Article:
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Radio Gente: Cochabamba Radio Station Airs Democracy Now! in Spanish

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We pay a visit to Radio Gente 94.7 FM, the Cochabamba radio station that airs Democracy Now! in Spanish. Democracy Now! broadcasts on more than 250 stations across Latin America. [includes rush transcript]

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This is a rush transcript. Copy may not be in its final form.

AMY GOODMAN: Of the 250 radio stations that broadcast Democracy Now! headlines in Spanish, two of them are in Bolivia: one in La Paz and the other right down the road from where we were speaking in Cochcabamba. It’s Radio Gente. I went there with Andrés Thomas Conteris of Democracy Now! in Spanish.

    AMY GOODMAN: We’re standing on Calama Street, and just look up here, because we see the “G” for “Gente.” Radio Gente, 94.7 FM. And yes, every morning at 6:00, you can tune in and hear Democracy Now! en Español, the headlines of Democracy Now! in Spanish. Let’s go inside and meet them.

    Radio Gente, 94.7 FM. We’re here with Juan Carlos, the director of Radio Gente, where Democracy Now! broadcasts in Cochabamba, Bolivia. And we broadcast every morning at 6:00 a.m. And it’s great to be here.

    JUAN CARLOS FLORES: [translated] We didn’t know you personally, and we’re so glad that you’re here. We’ve seen you, your photo, on the webpage that Democracy Now! has. And we’re very glad that you’re here.

    AMY GOODMAN: Tell us about Radio Gente.

    JUAN CARLOS FLORES: [translated] Radio Gente was born on the day of the Water Wars in the year 2000, and we came out in an experimental kind of a way. And the editions was experimental, but on that day, there was quite a bit of a struggle. So, because we had to just send greetings, we had no idea that the Water War was going to happen, and so it caused a great deal of confusion on that day, and we ended up staying all day 'til 6:00 in the evening.

    On that day, we were the only radio that was able to actually be broadcasting, because the government decided to shut down all other radio broadcasts by cutting off antenna access. So we have the antenna at another area, and it used to be an evangelical radio, so that gave us the privilege, because it previously had been an evangelical radio station and our antenna was elsewhere. That allowed us to be the only station that was able to keep broadcasting during that time. So we had previous experience doing press work on radio, and that day and during the Water War, there was a death that occurred, who was killed during the protest.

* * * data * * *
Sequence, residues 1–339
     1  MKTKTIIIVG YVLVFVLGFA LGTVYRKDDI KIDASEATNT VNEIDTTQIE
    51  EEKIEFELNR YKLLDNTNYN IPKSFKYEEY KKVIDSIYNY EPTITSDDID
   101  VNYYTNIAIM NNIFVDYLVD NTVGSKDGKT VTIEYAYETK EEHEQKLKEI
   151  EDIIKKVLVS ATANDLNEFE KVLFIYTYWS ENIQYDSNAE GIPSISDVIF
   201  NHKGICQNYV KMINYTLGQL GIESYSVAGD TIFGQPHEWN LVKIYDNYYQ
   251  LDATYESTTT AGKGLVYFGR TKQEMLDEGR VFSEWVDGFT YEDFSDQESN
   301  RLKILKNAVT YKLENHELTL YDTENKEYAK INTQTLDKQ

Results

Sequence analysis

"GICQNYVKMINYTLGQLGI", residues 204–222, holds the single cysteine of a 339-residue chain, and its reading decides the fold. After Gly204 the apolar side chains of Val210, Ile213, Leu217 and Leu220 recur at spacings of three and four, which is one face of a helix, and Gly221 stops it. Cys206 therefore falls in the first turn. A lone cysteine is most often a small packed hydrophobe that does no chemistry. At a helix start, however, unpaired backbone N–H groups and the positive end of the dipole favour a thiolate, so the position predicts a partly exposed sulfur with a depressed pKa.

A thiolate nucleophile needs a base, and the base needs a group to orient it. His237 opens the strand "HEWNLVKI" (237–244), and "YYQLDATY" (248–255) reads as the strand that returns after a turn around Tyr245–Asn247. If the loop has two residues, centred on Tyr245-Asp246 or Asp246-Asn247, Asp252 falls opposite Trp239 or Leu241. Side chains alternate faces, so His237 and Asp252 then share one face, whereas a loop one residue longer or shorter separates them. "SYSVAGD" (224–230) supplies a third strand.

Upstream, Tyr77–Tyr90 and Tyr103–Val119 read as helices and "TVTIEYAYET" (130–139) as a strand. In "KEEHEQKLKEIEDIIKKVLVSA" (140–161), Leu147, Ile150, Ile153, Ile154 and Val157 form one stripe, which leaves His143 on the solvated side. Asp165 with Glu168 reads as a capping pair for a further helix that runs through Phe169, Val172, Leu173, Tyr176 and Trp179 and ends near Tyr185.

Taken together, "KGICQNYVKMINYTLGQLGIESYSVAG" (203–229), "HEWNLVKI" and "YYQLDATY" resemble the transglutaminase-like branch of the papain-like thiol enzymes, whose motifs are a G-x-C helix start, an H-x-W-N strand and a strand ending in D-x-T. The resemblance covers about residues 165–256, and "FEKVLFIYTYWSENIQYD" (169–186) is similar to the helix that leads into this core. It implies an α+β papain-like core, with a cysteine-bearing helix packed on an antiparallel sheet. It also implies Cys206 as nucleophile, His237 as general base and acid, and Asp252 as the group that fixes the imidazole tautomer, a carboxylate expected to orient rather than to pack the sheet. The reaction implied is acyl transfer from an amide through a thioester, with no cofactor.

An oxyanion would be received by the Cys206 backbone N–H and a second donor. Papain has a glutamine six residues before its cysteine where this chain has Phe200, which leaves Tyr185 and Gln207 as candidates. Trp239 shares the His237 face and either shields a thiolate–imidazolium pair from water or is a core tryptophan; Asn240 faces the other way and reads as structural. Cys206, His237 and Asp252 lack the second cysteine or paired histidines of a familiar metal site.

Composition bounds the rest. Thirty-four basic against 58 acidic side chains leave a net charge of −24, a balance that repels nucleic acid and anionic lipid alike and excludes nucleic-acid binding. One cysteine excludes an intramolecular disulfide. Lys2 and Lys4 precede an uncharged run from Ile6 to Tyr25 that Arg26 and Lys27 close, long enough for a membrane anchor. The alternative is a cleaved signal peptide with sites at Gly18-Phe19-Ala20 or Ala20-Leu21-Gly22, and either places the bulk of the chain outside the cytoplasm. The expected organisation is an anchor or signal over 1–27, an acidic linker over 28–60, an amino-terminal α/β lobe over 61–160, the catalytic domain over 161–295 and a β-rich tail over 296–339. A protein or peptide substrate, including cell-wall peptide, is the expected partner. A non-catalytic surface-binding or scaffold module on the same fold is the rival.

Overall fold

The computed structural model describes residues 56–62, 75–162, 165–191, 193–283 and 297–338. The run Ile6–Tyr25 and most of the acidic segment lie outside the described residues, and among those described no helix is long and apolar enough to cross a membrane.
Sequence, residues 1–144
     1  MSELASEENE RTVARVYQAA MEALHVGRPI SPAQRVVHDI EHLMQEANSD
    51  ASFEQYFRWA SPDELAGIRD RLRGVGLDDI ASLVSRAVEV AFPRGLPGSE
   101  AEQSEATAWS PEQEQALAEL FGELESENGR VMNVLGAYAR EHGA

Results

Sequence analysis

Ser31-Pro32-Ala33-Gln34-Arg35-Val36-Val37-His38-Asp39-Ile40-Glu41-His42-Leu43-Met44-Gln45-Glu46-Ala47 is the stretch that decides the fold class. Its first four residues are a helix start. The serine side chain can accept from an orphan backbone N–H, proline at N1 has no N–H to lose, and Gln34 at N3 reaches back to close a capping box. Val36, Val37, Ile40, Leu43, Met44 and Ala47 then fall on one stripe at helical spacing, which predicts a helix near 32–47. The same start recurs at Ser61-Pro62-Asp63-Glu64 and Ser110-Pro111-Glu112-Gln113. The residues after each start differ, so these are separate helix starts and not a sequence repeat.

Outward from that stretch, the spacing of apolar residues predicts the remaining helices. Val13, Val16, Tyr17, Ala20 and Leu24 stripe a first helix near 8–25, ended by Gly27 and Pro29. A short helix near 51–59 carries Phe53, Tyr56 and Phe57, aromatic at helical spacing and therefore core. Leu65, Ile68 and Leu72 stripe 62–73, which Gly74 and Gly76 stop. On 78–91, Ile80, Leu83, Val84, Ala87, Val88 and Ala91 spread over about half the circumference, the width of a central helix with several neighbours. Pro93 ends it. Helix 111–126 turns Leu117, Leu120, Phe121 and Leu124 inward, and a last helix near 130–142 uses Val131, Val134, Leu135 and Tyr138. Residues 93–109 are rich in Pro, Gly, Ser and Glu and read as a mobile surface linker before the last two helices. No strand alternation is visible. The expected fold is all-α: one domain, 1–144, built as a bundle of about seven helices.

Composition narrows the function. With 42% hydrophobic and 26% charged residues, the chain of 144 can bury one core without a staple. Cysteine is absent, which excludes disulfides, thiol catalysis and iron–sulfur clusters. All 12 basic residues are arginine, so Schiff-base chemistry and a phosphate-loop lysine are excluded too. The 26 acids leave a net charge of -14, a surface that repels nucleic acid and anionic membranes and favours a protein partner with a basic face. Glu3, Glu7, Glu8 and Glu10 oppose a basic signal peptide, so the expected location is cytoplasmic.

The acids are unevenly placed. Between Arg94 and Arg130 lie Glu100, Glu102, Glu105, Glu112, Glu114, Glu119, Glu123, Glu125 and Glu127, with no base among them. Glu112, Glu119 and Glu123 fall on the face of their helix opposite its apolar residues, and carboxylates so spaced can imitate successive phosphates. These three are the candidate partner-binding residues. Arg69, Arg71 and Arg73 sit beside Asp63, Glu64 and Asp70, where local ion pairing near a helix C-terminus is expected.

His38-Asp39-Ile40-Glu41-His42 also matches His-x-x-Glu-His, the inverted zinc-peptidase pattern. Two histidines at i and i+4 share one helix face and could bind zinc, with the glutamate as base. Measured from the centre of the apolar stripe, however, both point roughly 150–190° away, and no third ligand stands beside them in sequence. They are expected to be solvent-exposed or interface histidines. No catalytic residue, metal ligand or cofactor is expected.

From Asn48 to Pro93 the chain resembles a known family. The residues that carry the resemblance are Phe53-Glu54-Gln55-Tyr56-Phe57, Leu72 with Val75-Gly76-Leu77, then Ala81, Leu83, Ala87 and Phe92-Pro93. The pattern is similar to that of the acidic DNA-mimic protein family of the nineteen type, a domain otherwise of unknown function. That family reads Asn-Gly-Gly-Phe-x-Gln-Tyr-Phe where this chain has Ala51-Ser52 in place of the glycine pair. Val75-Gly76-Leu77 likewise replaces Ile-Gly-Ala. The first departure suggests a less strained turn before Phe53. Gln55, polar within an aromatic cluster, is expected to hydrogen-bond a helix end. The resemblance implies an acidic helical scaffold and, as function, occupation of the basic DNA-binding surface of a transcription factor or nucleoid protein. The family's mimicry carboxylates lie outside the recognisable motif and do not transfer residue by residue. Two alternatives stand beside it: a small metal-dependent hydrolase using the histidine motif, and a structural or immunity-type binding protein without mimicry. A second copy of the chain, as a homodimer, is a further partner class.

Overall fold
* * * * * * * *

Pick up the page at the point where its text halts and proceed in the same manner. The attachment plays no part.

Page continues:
AMY GOODMAN: Víctor Hugo Daza.

    JUAN CARLOS FLORES: [translated] Yes, we interviewed his girlfriend, and she told — she, his girlfriend, told us how — where the the bullet entered into him.

    That day, there were very few media who were working, since many of the media at that time was in favor of the government during that era. So the government at that time was a former dictator, Hugo Banzer Suárez, and many of the media were associated with that government and were not wanting to be critical of that regime.

    So we started to work. We were sort of baptized by fire. We had to work very quickly in a very short amount of time, because we didn't have much experience. But we had to start broadcasting in that critical situation. So that’s how we were born, during the Water Wars. And we believe that that has to influence the way that radios need to do their work in the context of a very serious political situation, here in Bolivia and throughout Latin America.

AMY GOODMAN: Juan Carlos Flores, founder of Radio Gente.

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